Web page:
Gait in People With Nonhealing Diabetes-Related Plantar Ulcers
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Authors: Fernando ME, Crowther RG, Lazzarini PA, Sangla KS, Wearing S, Buttner P, Golledge J
Publication: Physical Therapy
Abnormalities in gait have been associated with high plantar pressures and diabetes-related plantar foot ulcers. Whether these are a transient response to the ulcer or are representative of long-term lower limb biomechanical abnormalities is currently unknown.
The aim of this study was to examine whether 12 gait parameters identified as being associated with nonhealing diabetes-related plantar foot ulcers at baseline remained associated during a 6-month follow-up period.
This was a longitudinal observational case-control study.
Gait assessments were performed at entry and twice during follow-up over a 6-month period in 12 participants with nonhealing diabetes-related plantar foot ulcers (case participants) and 62 people with diabetes and no history of foot ulcers (control participants) using a standardized protocol. Linear mixed-effects random-intercept models were used to identify gait parameters that consistently differed between case participants and control participants at all assessments after adjustment for age, sex, body mass index, presence of peripheral neuropathy, and follow-up time. Standardized mean differences (SMD) were used to measure effect sizes.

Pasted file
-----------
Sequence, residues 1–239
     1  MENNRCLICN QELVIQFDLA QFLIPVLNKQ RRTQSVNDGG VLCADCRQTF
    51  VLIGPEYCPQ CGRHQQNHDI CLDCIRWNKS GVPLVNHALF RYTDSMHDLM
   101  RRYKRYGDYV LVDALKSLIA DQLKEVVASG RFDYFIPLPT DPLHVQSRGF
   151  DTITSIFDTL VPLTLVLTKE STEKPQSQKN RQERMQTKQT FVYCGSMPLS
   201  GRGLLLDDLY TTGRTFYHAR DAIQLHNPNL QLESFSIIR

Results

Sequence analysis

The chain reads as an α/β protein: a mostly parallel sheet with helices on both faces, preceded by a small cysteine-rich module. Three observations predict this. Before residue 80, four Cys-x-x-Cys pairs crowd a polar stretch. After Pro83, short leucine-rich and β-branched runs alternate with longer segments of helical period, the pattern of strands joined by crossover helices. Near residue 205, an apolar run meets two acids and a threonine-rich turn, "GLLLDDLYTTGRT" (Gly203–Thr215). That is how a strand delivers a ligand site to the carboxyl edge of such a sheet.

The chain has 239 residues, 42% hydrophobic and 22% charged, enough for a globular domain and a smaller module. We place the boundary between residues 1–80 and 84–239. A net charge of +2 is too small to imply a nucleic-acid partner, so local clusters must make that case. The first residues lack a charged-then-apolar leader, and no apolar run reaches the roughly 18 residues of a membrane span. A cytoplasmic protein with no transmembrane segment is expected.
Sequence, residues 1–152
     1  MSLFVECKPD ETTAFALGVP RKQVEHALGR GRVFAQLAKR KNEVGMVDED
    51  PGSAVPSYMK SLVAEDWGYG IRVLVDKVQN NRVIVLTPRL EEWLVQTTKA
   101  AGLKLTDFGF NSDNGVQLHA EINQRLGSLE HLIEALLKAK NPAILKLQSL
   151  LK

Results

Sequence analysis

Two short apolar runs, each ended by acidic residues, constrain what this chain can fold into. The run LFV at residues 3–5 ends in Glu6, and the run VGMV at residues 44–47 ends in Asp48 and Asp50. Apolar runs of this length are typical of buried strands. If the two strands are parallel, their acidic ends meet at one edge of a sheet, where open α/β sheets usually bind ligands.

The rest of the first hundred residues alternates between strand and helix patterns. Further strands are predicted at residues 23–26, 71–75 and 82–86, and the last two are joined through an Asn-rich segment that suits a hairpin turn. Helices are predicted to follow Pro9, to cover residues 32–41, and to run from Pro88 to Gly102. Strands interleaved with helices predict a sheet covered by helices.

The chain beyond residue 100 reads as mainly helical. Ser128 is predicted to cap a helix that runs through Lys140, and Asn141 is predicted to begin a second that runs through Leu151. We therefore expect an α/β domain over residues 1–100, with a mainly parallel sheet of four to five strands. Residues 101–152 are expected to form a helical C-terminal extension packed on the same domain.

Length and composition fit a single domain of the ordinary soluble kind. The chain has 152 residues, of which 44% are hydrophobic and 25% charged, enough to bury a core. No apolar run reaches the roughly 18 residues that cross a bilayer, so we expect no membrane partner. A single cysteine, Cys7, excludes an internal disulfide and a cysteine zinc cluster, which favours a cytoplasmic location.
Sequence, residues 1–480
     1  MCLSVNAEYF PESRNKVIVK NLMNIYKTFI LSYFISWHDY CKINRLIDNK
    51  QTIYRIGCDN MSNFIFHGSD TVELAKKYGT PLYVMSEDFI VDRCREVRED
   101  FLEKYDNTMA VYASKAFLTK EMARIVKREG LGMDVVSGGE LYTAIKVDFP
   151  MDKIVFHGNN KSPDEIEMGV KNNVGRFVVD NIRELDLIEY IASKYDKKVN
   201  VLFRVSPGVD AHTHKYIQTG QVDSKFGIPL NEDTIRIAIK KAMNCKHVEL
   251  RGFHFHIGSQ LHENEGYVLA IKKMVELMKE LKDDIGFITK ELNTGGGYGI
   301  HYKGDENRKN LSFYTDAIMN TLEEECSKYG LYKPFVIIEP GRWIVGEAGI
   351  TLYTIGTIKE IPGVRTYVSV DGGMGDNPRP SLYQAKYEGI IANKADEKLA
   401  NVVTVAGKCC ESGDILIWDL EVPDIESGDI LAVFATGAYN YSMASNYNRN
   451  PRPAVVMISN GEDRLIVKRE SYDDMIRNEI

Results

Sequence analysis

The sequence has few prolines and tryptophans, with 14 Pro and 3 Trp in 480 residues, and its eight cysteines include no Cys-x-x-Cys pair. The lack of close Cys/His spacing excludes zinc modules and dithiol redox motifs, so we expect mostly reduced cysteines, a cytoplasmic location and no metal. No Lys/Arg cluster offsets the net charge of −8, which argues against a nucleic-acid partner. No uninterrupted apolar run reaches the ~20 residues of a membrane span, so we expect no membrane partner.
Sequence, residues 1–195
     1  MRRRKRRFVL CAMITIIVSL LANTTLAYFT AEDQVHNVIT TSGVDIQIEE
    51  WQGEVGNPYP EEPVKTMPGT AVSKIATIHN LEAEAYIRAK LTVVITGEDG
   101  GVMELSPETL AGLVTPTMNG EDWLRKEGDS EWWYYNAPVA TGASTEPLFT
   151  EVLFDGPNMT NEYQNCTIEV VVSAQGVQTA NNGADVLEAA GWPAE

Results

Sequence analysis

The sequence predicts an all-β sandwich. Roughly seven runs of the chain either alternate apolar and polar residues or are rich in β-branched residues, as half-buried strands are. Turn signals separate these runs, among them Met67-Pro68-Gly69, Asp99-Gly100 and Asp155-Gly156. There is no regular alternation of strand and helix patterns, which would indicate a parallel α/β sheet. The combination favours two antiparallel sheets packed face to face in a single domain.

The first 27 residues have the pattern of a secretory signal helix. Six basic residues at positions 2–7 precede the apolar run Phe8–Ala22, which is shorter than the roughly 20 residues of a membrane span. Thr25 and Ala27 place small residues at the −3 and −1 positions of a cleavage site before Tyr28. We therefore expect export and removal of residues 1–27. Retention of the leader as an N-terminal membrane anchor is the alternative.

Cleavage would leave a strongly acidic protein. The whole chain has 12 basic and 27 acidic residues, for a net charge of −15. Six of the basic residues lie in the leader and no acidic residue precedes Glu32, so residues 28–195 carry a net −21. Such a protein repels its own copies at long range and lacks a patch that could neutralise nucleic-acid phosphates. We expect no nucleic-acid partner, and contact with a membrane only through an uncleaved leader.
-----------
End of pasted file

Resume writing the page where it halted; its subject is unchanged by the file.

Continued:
Five of the 12 gait parameters were significantly different between case participants and control participants at all 3 time points. Case participants had a more abducted foot progression angle (SMD = 0.37), a higher pelvic obliquity at toe-off (SMD = -0.46), a greater minimum pelvic obliquity (SMD = -0.52), a lower walking speed (SMD = -0.46), and a smaller step length (SMD = -0.46) than control participants.
The limitations included a small sample size, the observational nature of the study, and the inability to evaluate the impact of gait on wound healing.
This study identified abnormal gait parameters consistently associated with nonhealing diabetes-related plantar foot ulcers. Further research is needed to test the clinical importance of these gait characteristics.